The Strange Library

Front Cover
Harvill Secker, 2014 - Books and reading - 72 pages
n his way home from school, the young narrator of 'The Strange Library' finds himself wondering how taxes were collected in the Ottoman Empire. He pops into the local library to see if it has a book on the subject. This is his first mistake. Led to a special 'reading room' in a maze under the library by a strange old man, he finds himself imprisoned with only a sheep man, who makes excellent donuts, and a girl, who can talk with her hands, for company. His mother will be worrying why he hasn't returned in time for dinner and the old man seems to have an appetite for eating small boy's brains. How will he escape?

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LibraryThing Review

User Review  - MandaTheStrange - LibraryThing

I'll never think of libraries the same way, I will live in constant fear of that creepy librarian willing me to stay and read just a little longer. With elements of Neil Gaiman, Roald Dahl, Guillermo ... Read full review

LibraryThing Review

User Review  - BenKline - LibraryThing

Haruki Murakami has been an author I've been wanting to delve into and start reading, and this was the first of his I saw at the Hershey Library, so I scooped it up and gave it a read. Not quite sure ... Read full review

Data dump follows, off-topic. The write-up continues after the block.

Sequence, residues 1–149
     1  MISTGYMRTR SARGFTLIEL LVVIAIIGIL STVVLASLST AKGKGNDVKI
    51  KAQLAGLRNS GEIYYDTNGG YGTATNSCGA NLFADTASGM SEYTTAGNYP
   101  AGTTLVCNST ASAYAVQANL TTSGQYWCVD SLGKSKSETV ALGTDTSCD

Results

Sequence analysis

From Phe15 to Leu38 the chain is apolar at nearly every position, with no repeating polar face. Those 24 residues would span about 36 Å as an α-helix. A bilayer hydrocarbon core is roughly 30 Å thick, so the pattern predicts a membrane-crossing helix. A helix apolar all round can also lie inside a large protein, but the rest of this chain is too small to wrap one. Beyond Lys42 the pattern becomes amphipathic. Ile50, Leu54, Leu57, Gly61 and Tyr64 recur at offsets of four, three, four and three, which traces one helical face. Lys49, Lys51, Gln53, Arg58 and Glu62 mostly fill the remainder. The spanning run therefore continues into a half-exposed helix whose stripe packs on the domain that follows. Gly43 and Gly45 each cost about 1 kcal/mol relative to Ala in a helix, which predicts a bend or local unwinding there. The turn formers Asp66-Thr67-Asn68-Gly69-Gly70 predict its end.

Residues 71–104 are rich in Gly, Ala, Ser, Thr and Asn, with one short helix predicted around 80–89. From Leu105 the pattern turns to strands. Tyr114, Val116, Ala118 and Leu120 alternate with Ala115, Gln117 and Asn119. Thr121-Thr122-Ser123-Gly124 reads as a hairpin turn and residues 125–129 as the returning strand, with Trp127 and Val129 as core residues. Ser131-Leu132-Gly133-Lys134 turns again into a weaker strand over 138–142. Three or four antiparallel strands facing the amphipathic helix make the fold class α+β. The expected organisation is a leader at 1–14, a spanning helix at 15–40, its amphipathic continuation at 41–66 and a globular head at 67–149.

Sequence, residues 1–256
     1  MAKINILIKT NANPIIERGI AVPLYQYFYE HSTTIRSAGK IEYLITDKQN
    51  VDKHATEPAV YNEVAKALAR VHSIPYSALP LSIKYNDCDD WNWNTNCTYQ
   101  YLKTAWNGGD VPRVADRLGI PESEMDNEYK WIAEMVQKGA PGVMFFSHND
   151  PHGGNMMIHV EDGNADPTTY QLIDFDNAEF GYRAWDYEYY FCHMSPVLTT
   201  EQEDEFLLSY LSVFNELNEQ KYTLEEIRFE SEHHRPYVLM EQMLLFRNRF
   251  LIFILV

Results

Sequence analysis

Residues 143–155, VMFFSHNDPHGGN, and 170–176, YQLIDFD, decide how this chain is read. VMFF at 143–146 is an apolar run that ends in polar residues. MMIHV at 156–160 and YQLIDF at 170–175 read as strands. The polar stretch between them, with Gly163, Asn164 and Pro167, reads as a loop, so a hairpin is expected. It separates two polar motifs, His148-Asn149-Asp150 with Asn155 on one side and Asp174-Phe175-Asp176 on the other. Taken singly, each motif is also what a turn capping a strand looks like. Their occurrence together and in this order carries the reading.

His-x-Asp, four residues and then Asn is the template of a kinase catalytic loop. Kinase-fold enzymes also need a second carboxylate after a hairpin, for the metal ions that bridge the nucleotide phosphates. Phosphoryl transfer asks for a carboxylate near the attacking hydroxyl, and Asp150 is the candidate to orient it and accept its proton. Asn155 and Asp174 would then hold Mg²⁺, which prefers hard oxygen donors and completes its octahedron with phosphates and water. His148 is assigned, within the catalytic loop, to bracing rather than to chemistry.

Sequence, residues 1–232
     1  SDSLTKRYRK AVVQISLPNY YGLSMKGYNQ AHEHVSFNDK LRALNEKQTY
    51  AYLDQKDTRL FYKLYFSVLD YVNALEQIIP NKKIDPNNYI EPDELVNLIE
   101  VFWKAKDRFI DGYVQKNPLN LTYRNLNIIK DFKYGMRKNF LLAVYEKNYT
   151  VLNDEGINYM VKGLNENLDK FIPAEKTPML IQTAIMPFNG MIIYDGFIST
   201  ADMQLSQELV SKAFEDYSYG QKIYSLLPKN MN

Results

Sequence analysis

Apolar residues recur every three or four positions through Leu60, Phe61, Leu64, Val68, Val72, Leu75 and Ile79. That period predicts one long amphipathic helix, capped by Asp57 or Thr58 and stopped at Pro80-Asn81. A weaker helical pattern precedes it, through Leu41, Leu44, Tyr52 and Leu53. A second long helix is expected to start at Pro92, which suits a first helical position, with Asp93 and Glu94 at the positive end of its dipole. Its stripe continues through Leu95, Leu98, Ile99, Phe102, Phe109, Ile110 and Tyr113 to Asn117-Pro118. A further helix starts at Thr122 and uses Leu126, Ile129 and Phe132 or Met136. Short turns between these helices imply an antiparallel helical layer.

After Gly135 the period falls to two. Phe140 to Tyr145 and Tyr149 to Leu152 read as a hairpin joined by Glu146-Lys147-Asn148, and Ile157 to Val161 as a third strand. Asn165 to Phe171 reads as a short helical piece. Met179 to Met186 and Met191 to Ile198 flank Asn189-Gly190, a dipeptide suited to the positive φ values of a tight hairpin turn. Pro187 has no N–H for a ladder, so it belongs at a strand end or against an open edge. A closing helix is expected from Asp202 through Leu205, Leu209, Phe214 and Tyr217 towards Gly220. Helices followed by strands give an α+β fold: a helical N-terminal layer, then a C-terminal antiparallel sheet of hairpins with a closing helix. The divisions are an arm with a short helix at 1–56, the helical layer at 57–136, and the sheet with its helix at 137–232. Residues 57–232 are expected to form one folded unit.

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About the author (2014)

In 1978, Haruki Murakami was 29 and running a jazz bar in downtown Tokyo. One April day, the impulse to write a novel came to him suddenly while watching a baseball game. That first novel, Hear the Wind Sing, won a new writers' award and was published the following year. More followed, including A Wild Sheep Chase and Hard-Boiled Wonderland and the End of the World, but it was Norwegian Wood, published in 1987, which turned Murakami from a writer into a phenomenon. His books became bestsellers, were translated into many languages, including English, and the door was thrown wide open to Murakami's unique and addictive fictional universe.

Murakami writes with admirable discipline, producing ten pages a day, after which he runs ten kilometres (he began long-distance running in 1982 and has participated in numerous marathons and races), works on translations, and then reads, listens to records and cooks. His passions colour his non-fiction output, from What I Talk About When I Talk About Running to Absolutely On Music, and they also seep into his novels and short stories, providing quotidian moments in his otherwise freewheeling flights of imaginative inquiry. In works such as The Wind-Up Bird Chronicle, 1Q84 and Men Without Women, his distinctive blend of the mysterious and the everyday, of melancholy and humour, continues to enchant readers, ensuring Murakami's place as one of the world's most acclaimed and well-loved writers.

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